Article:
*  Using them as a demonstrative adjective replacing those.  "See them birds?"
*  Use of irregular preterits, such as drownded as the past tense of drown, knowed as past tense of know, degradated as the past tense of degrade, and seen replacing saw as past tense of see.  This also includes using was for were, or in other words regularizing the past tense of be to was.  "You was sittin' on that chair."
*  Use of unmarked verb preterits; "They come in here last night."

But the letter 'R' is an entirely different matter.  Older Blacks tend to pronounce it, "ah ra", country folks might say for the word 'where', "whahra".  The educated pronounced 'R" as "ah", and added an extra syllable which was, as the French say, pronounced but not heard.  My Mississippi-born father lived in Arkansas for almost eighty years and was kidded to the end of his life for his lack of an 'R' sound.  "Rabbit" came out "abbit" and my mother accused him of having a speech impediment.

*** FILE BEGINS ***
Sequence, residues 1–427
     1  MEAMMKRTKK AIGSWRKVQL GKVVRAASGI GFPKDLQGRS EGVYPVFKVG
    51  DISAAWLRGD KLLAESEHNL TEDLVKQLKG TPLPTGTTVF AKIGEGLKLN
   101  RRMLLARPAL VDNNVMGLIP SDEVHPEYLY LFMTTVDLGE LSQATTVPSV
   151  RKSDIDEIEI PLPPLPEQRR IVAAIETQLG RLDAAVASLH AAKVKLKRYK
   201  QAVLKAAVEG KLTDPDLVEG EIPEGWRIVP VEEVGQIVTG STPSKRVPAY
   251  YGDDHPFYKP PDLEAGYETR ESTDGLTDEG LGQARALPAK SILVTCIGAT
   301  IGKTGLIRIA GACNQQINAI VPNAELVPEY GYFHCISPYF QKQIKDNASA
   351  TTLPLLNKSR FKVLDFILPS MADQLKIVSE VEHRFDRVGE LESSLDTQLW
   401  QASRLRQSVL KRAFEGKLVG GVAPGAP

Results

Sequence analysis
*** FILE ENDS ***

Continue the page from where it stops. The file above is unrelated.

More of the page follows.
Like anyone learning a foreign language, African slaves substituted sound patterns from their native language for unfamiliar  patterns in the new language. Most West African languages end each syllable with a vowel. English words ending in two consonants would be difficult to pronounce, so the slaves who were learning English would have a tendency to drop the "r" at the end of a word or before a consonant.  Over time, as the slaves and the white planters were in daily contact, their speech patterns evolved along similar lines, except the planters were exposed to many outside influences, while Black culture at that time was insular.

Thus in the middle dialect of bondsman and planter both dropped the "r", but the small land holding settlers, who had little contact with bondsmen, or with planters for that matter, retained the "r". These white country types, often poor and uneducated,  might say "whar" for where and "far" for fire. Later, due to the long standing  competition between the poor whites and the poor blacks for the same jobs, the hard "r" from a white was often taken as an indication of a racist. 

Those growing up in town did look down on poor white country folks. I remember my country school mate saying, much to my amazement, "Shit far, the teacher done rung the school bell."